Newspaper article The Florida Times Union

Email Suggested 'Structural' Redo for City Symphony; Musicians Reveal Message, Question If Fiscal Situation Is as Serious as Touted

Newspaper article The Florida Times Union

Email Suggested 'Structural' Redo for City Symphony; Musicians Reveal Message, Question If Fiscal Situation Is as Serious as Touted

Article excerpt

Byline: Charlie Patton

Jacksonville Symphony Orchestra musicians said Friday the Jacksonville Symphony Association wants them to go on strike so "structural changes" can be made in the orchestra.

"We want to keep meeting and start the season," said Susan Pardue, a violist who heads the musicians' negotiating team. "The cuts they are proposing would be crippling to us. Some of us would lose our homes."

In a meeting with the Times-Union editorial board Friday, one week before the 2012-13 season is scheduled to begin, the musicians' negotiators presented an email from May 2011 that they said was an indication of a plan to break the union. They also produced a review of the symphony association's finances from 2004 to 2011 that they said painted a less dire picture than the board has presented.


Liza Medina, a labor attorney who is representing the musicians, filed a complaint Thursday with the National Labor Relations Board charging the symphony association with "economic bad faith bargaining."

That was the day after the symphony association board voted to declare an impasse in the negotiations and impose its May offer, which would cut the base salaries of the musicians in the core orchestra by almost 20 percent.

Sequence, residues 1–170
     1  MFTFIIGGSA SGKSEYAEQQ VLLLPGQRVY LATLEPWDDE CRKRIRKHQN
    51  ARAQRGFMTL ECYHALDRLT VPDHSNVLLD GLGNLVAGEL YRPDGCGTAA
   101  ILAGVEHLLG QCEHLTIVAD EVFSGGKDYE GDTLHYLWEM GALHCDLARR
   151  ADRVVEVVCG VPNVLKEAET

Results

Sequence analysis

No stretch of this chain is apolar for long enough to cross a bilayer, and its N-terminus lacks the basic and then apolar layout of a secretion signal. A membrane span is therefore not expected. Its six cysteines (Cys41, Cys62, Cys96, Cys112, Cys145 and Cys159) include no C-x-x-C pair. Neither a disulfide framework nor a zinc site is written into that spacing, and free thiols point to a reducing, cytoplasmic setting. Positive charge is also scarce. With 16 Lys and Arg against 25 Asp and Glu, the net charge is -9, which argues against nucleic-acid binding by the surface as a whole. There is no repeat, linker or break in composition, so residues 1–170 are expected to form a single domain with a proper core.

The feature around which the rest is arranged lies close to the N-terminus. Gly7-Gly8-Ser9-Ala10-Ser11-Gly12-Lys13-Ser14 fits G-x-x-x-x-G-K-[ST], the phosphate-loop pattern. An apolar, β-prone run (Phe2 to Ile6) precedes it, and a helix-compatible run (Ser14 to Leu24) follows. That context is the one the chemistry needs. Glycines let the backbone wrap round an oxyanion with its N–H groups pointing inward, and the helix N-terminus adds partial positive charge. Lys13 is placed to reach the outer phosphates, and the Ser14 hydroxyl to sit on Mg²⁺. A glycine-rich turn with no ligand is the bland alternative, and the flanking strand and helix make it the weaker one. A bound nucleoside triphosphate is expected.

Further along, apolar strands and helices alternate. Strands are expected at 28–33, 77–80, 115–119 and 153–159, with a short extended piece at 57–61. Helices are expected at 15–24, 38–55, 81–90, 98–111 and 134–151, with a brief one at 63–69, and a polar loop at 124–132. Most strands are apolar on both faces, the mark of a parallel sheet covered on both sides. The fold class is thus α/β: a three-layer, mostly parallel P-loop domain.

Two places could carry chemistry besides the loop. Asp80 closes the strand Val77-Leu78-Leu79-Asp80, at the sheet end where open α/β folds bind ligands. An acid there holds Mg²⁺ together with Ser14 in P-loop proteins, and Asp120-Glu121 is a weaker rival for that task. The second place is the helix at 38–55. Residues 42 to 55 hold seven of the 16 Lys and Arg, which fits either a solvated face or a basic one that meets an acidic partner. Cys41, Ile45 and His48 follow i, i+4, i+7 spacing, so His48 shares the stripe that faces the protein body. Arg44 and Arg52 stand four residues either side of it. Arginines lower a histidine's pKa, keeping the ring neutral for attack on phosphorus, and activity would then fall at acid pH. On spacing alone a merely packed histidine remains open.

Medina said there has been little bargaining going on, as the board negotiators have refused to move off that May proposal even as the musicians have made five different offers.

"We see a plan to go to a structural change," Medina said. "They want to shut down and reopen as something else."

She called the board negotiators "disinterested in problem solving."

In the meeting with the Times-Union editorial board, the musicians' negotiating team presented a printout of an email that the association's executive director, Stacy Ridenour, sent to Chris Dwyer, the orchestra personnel manager. It also went, apparently in error, to Andy Bruck, a violinist and member of the musicians' negotiating team.

In it, Ridenour said she hoped to discuss whether, in the event of a strike, the board should "go for a real structural change, not like the last time."

"The last time" was from November 2007 through January 2008, before Ridenour came to Jacksonville. The board locked out the musicians until a contract settlement was reached. That contract froze salaries for three years and cut pension benefits and personal days. The musicians sustained an average loss of $10,000 from salary they never received during the lockout, Bruck said.

At the time, the board said it was $3 million in debt and had been running deficits for a decade, the same argument it is making this year and made during negotiations in 2003.

In her email, Ridenour suggested that by cutting orchestra base salaries by 12 percent and making other changes in the contract with the musicians, the symphony might turn an $8 million annual budget into a $6. …

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